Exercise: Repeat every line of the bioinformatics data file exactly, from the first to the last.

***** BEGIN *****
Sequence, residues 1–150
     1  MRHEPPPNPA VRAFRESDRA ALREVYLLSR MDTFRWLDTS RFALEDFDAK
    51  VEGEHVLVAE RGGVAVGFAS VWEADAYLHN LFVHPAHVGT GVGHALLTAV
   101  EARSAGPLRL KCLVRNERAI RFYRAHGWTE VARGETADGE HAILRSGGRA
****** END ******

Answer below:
Sequence, residues 1–150
     1  MRHEPPPNPA VRAFRESDRA ALREVYLLSR MDTFRWLDTS RFALEDFDAK
    51  VEGEHVLVAE RGGVAVGFAS VWEADAYLHN LFVHPAHVGT GVGHALLTAV
   101  EARSAGPLRL KCLVRNERAI RFYRAHGWTE VARGETADGE HAILRSGGRA